Bob Schieffer, anchorman and moderator of CBS’ “Face the Nation,” once said, “Hugh Aynesworth knows more about this tragic story and the reporters who reported it than anyone I know.”

Kennedy thought Florida and Texas were crucial for re-election in 1964. That’s why he embarked on a five-city swing through Texas: San Antonio, Houston, Fort Worth, Dallas … with Austin scheduled to be the final stop. Dallas was viewed as hostile territory by some because of its right-wing, anti-communist extremism and arch-conservative John Birch Society advocates. “Adlai Stevenson (then-United Nations ambassador), John Connally (then-Texas governor), Sen. William Fulbright (from Arkansas) and Stanley Marcus (of Neiman-Marcus corporate fame) all warned Kennedy not to go to Dallas,” Aynesworth said.

The president ignored those pleas and … he never made it to the Texas state capital … as all of the above helped fuel countless conspiracy theories.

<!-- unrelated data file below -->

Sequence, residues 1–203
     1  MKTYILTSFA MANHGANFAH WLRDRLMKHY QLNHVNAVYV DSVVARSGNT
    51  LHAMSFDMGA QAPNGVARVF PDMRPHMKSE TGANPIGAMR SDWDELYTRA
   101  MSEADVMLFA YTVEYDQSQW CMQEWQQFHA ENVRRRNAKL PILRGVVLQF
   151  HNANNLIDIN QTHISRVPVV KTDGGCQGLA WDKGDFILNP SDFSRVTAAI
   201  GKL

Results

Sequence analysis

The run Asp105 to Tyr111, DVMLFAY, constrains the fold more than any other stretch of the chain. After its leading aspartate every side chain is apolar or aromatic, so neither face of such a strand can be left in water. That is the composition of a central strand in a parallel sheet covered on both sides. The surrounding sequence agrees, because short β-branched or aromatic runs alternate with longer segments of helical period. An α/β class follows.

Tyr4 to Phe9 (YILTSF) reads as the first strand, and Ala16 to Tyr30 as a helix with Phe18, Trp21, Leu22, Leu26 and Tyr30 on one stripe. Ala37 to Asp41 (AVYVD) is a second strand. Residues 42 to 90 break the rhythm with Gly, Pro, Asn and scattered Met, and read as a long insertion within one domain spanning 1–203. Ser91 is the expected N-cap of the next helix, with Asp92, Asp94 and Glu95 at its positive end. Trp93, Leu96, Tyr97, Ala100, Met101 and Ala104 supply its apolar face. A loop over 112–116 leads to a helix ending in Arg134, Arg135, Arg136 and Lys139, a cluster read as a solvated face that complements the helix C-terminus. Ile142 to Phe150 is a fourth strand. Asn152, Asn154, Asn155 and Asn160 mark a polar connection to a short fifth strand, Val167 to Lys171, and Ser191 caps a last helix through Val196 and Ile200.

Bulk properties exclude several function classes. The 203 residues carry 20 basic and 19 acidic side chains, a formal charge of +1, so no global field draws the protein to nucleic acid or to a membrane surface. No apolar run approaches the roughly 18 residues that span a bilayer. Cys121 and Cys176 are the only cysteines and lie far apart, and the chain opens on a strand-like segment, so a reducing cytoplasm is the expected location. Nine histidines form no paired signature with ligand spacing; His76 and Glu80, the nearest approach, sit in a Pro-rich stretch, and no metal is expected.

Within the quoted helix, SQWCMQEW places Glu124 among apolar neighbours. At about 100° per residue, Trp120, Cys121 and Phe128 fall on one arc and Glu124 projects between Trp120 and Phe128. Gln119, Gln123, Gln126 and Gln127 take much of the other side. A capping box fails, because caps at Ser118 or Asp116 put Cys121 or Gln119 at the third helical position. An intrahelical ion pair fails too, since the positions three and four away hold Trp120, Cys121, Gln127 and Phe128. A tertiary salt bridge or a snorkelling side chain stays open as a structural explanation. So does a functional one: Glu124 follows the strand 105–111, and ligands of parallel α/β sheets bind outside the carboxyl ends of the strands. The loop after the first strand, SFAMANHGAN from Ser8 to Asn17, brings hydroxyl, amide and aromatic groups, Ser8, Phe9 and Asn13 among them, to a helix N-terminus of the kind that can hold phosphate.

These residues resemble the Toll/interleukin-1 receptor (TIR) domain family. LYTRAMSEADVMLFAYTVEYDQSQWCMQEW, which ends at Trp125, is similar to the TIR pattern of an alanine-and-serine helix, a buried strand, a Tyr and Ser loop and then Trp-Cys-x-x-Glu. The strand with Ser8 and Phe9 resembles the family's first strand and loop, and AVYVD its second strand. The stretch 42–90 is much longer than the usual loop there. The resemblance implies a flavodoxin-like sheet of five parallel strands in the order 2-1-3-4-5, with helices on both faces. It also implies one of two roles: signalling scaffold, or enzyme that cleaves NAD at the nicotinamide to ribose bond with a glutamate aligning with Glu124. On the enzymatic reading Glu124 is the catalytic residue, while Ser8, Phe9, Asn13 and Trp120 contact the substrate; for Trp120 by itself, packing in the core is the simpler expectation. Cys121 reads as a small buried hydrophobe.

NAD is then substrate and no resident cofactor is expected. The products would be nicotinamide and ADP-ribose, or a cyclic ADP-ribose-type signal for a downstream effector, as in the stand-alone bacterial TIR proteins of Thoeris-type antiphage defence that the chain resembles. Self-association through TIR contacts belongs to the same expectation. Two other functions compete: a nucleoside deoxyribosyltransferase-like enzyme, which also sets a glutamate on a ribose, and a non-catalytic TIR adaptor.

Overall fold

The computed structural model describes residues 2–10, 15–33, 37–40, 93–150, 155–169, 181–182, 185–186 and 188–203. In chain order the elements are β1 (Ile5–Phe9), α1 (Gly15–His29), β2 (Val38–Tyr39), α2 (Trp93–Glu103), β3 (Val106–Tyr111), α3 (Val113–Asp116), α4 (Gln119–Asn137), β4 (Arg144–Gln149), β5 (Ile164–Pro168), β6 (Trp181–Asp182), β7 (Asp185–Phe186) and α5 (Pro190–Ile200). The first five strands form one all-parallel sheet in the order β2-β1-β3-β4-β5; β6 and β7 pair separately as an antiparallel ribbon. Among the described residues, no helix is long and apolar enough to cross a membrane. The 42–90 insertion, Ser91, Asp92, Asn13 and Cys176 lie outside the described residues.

And Dallas for decades was excoriated as that Haunted City that killed the King of Camelot.

But with time comes the power of healing. Aynesworth says the NFL and pop culture lent a helping hand in a big city’s long, arduous comeback story.

“The Dallas Cowboys and the television show ‘Dallas’ helped cool the climate here a little bit,” he said.

The Cowboys, of course, ultimately performed with the moniker “America’s Team,” and “Dallas” arguably became television’s most popular prime-time show of the late 1970s and early ’80s.

Now, Aynesworth is a man in demand.

A panel discussion about the Kennedy assassination one day. A special reunion dinner for the media members who covered Nov. 22, 1963, on another day. A television show appearance is stamped on his schedule; a book party follows that; daily telephone calls from people like me. So, it’s on and on in 2013.

“I’m getting too old for this,” Aynesworth said with a touch of wistfulness.

But he admits the excitement is unforgettable.

“I’m surprised by the international interest in this,” Aynesworth mused. “I’ve been getting calls from Argentina, Paris, London, Oslo, Turkey …”

The list goes on … and so does Aynesworth, who 50 years ago covered an event for the ages — on his day off.